As I look at the many areas in which libraries are working, thriving, and expanding (see Where Are We Headed? An Unscientific Survey, Not Dead Yet, October 15, 2015), the question occurs to me: do we need to consider not doing some things so that we can do those things our researchers need us to do?
As a reference librarian, I’m keenly following developments in the Open Access (OA) movement, because I (along with all of you folks also working with researchers) am aware of how journal and serial costs have gotten so large and burdensome to libraries that titles must be cut, and thus, access to important research is becoming ever more difficult for students, faculty, and other scholars around the world. So I was intrigued when I saw last June that Harvard Library’s Office for Scholarly Communication (OSC) had awarded a contract to three individuals—David Solomon, Bo-Christer Björk, and Mikael Laakso—to “write a comprehensive literature review on methods for converting subscription-based scholarly journals to open access.” The OSC calls this the “journal flipping project.” When I heard that the preliminary version of their report, Converting Scholarly Journals to Open Access: A Review of Approaches and Experiences, was available for public comment, I took a look at what it says.
It’s been a while since I spoke with the inimitable Kyle K. Courtney, 2015 LJ Mover and Shaker, “Harvard Hero” (for his work on copyright), and the organizer of the Copyright First Responder program at Harvard, among many, many other roles. With Fair Use / Fair Dealing Week upon us (Feb. 22nd – 26th), it seems like a good time to see what developments have taken place in Kyle’s universe since last we chatted in 2013.
I think we all have ideas about where library work is heading, and, like many others in our profession, I sometimes get asked questions about the field by people who are considering going to library school. After having just had one of those queries the other day, it occurred to me it was time for another of my wholly unscientific one-question surveys.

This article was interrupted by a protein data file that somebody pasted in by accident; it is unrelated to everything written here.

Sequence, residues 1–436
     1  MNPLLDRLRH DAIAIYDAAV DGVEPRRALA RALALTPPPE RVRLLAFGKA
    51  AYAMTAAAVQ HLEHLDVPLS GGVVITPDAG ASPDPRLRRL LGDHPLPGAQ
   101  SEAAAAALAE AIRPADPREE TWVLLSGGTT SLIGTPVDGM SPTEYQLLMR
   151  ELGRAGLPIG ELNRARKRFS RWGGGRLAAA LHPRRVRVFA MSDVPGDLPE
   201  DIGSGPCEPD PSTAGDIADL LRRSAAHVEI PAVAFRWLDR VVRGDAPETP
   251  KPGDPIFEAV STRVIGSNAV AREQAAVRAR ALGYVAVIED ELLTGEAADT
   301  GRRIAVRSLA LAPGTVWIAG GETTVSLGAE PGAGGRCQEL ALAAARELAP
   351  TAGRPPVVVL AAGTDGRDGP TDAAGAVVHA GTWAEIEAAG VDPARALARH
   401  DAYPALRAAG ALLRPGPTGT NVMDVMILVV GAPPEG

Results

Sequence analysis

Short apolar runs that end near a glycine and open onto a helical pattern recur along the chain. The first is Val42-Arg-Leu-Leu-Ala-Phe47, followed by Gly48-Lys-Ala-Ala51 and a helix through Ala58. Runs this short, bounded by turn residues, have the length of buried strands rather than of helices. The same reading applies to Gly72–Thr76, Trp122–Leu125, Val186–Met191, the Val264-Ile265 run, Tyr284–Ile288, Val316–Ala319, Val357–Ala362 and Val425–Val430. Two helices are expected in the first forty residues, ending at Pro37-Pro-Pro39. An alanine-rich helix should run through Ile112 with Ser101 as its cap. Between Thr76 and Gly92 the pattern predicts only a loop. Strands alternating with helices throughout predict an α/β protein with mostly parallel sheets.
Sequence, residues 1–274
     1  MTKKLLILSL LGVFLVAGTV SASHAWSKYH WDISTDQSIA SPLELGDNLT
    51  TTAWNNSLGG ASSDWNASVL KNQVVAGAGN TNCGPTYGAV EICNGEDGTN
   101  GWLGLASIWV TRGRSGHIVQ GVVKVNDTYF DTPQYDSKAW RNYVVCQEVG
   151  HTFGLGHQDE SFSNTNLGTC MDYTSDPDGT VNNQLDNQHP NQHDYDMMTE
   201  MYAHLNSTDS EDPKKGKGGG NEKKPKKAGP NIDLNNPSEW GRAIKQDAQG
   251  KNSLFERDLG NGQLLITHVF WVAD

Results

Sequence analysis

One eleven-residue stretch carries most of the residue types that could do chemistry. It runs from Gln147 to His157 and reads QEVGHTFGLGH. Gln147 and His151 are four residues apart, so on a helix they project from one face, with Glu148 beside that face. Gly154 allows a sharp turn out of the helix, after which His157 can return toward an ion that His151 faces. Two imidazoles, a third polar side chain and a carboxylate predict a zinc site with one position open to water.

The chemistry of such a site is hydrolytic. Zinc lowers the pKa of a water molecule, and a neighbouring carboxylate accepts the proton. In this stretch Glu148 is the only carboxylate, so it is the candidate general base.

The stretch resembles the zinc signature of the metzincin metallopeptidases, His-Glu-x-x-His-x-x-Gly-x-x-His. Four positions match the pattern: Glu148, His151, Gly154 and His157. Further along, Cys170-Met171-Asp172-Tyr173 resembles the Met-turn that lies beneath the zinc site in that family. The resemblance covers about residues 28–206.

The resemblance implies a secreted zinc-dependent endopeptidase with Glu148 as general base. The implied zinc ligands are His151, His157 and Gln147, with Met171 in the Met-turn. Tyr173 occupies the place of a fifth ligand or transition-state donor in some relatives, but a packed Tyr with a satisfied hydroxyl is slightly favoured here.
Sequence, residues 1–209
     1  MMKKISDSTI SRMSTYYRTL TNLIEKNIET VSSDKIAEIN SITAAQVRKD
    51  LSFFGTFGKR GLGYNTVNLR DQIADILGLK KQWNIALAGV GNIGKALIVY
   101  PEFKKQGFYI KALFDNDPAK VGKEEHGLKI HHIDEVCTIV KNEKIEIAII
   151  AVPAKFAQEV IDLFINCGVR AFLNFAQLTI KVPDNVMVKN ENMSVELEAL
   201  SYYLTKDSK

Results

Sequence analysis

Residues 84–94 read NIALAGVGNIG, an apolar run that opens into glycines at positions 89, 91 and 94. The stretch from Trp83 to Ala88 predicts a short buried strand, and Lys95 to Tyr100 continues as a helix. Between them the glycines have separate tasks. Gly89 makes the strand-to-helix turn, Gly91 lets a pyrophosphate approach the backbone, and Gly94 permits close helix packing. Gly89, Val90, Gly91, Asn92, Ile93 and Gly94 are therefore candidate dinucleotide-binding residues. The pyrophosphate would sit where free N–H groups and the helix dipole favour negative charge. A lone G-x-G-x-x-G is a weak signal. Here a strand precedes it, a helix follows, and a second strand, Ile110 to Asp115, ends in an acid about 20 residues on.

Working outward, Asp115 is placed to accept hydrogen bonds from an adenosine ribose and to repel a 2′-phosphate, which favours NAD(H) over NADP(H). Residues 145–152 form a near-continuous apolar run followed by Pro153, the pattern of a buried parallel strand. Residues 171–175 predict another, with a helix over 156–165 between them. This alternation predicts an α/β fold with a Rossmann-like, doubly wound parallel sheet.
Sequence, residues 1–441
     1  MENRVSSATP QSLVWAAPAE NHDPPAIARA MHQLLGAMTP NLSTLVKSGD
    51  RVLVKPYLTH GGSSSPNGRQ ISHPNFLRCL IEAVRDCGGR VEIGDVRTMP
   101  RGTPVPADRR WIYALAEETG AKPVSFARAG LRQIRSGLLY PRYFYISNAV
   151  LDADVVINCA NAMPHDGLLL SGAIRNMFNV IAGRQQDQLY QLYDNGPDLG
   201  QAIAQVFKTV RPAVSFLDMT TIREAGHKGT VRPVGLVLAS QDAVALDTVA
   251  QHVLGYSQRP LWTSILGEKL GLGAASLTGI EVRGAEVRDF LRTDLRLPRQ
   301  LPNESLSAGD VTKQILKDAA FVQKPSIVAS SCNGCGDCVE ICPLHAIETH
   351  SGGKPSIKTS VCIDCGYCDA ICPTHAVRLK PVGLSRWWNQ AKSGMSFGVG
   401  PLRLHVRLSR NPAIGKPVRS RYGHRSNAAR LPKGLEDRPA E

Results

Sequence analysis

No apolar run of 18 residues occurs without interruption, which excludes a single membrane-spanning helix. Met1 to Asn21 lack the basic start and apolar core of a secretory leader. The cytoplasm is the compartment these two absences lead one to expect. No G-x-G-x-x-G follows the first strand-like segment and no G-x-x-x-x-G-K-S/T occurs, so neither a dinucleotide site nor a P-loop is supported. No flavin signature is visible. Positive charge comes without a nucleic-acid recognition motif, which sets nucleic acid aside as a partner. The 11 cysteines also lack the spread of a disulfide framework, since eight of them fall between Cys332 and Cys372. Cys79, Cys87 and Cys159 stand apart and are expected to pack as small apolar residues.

Thought I’d update you about the dinner I mentioned I was going to at the end of my last column. The occasion was a birthday dinner my friends were holding in a local restaurant for me. I love these folks and enjoy talking with them very much, so as a special birthday present I asked them to turn off their smartphones for the occasion so we could all talk easily.
Recently I was so fortunate as to attend a presentation by Alison Head, founder and director of Project Information Literacy, at the Monroe C. Gutman Library over at the Harvard Graduate School of Education. There I heard some pretty exciting preliminary results from two Project Information Literacy (PIL) Lifelong Learning Studies: “Phase One: Interviews with […]
I’m so happy I could be twins. We now have an honest-to-goodness Library User Experience (UX) Specialist: Amy Deschenes, who came to us from Simmons College, where she was the Systems and Web Applications Librarian. Amy has only been here for a couple of months, but the buzz has already gotten around about how much she can help us gain a user’s point of view; she did some work with undergraduate and graduate students right away upon getting to campus. I’d heard a lot of good things about her, and this summer our library is transitioning to LibGuides 2.0, which means it’s time for an overhaul of my LibGuides…so I wrote and asked if I could meet with her for pointers.